Q I'm struggling and upset as my friend and I aren't on good terms. He's going out with this girl who was a friend, I thought, but she was never nice to me and is still a bully to this day.
She sent me a nasty message. There are times when I won't be part of our social group as I only go when she's not there. It's really sad for me. But I've got other friends. Should I keep avoiding her?
Answer: For all the amazing benefits of friendships, they can also be complicated and hurt deeply when circumstances change. If we stand back, there are a lot of people and a lot of dynamics at play here.
The girl who you thought was a friend sounds more like a frenemy. It can be helpful to see that you didn't lose a friendship with her as it was never there in the first place.
How have you dealt with the nasty message she sent you? Is she jealous of the friendship you had with her boyfriend? People can become hostile and defensive when they feel threatened. I don't have much context here so I can only surmise and fill in the gaps.
How do you feel about your friend? How did you feel about him going out with someone? Do you have any feelings for him?
It can be useful to explore what is going on for you at the moment as the emotion you feel currently is sadness.
The purpose and function of sadness occurs when you feel you have lost something. You may feel like you have lost a friend and that is really hard.
When your friend went into a new relationship, you may have felt disconnected to him and at a loss when you are spending less time together. This can be compounded when it's a girl/boy friendship as the girlfriend may not be comfortable sharing him, even if that's just his time or attention.
Have you spoken with your friend? It seems like an obvious one but it's easy to have tension in a group, but speaking directly with them about how you feel is a hard but necessary thing to do, to get the lay of the land with your friendship.
Playing devil's advocate I wonder if he feels stuck and if he may feel like he's pleasing no-one, or he may have been given an ultimatum.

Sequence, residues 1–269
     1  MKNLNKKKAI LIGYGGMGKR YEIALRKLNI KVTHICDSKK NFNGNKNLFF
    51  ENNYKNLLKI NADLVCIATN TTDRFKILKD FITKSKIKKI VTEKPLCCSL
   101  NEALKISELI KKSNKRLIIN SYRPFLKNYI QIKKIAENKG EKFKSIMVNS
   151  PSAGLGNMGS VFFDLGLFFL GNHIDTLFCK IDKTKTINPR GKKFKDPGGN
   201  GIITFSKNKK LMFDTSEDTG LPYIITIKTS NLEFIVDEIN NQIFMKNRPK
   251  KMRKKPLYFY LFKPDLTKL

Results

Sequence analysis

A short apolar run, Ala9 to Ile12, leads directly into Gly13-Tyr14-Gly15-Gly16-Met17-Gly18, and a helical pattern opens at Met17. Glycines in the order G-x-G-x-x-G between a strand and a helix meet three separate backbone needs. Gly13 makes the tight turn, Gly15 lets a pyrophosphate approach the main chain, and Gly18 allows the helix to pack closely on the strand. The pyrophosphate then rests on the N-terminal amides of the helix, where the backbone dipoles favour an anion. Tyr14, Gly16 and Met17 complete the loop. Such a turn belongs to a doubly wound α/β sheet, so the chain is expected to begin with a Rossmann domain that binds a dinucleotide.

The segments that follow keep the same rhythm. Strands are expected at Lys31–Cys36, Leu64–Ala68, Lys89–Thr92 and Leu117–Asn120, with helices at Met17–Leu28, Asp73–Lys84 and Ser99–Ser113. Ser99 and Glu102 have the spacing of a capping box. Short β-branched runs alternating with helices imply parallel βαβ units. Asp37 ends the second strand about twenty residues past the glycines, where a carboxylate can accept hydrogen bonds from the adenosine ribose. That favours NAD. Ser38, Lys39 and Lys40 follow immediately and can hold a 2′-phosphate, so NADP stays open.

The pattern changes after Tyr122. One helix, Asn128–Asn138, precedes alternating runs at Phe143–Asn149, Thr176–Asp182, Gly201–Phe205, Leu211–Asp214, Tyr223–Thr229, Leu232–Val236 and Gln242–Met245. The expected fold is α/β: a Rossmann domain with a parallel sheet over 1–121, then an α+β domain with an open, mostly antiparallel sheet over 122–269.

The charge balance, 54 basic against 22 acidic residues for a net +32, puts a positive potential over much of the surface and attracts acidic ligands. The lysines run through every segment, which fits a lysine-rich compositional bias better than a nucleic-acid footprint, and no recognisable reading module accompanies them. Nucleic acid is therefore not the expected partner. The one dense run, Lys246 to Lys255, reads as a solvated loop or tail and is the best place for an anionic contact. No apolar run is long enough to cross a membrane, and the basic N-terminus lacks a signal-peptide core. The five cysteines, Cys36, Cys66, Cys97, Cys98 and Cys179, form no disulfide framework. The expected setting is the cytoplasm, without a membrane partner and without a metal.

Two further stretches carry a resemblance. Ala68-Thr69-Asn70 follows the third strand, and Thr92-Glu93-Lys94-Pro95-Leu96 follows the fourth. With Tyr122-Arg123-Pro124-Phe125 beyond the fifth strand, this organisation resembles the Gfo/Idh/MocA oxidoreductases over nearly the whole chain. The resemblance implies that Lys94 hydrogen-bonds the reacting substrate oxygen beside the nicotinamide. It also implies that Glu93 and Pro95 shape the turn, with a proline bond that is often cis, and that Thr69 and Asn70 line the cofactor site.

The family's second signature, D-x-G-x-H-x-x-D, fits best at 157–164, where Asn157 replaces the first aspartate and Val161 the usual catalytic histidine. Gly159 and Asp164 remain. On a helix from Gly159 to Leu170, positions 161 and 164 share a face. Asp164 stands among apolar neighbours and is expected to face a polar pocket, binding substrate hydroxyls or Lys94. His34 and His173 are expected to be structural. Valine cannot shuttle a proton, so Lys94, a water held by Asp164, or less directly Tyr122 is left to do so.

Sometimes this can come down to maturity and as I don't know what ages you are, it can feel like there is no choice when in reality there are always other routes to get to a better solution. It can be really difficult to see that when you are stuck in a friend versus girlfriend triangle.
What have you got to lose by having an honest and direct chat with him? A cautionary note I'd flag is to not vilify his girlfriend as it will only push them closer together - and the possibility is quite high that she is giving out about you, leaving him feeling really stuck. These are only possible realities and you know what has been going on.
Even though it may be uncomfortable I'm going to encourage you to keep socialising with the main group even when she is there. I would gently dissuade you from having chats with her, especially if there's a bit of Dutch courage on board - if you wouldn't say it in the cold light of day, best not to do so in pub or while out with the group.
It is sad to not just lose your friend, but the whole group. You still belong to the group, so stay connected and be proud of yourself for going even though the atmosphere might be prickly.
Steer away from any drama and mind how you are feeling. Take note of your feelings on the night out or the next day and bring self-compassion to being mature in a tricky situation.
If she confronts you or sends another text message, ask her how she would feel if her boyfriend saw the message she has sent to you? This is not a threat, but if there is a lack of empathy on her part to see it from your perspective it may help her to know that you won't take her being unkind to you.
This is important, as you need to set clear boundaries where she knows where the line is with you and that there are consequences if she crosses it.
It is cowardly to send a nasty message in a text; again, if you wouldn't say it to someone's face then you need to question before you press 'send'. It's a whole new world in terms of learning how to socialise through technology. But manners and right and wrong are still pretty clear.
When it comes to tech manners and how to interact with someone, words needs to stand the test of 'would I say this to a person's face?' - if you wouldn't, then it's not okay and you are letting her know that.
A text message is still reality; there's nothing virtual or virtuous about being mean online.
If you have a query for this page, email Allison at firstname.lastname@example.org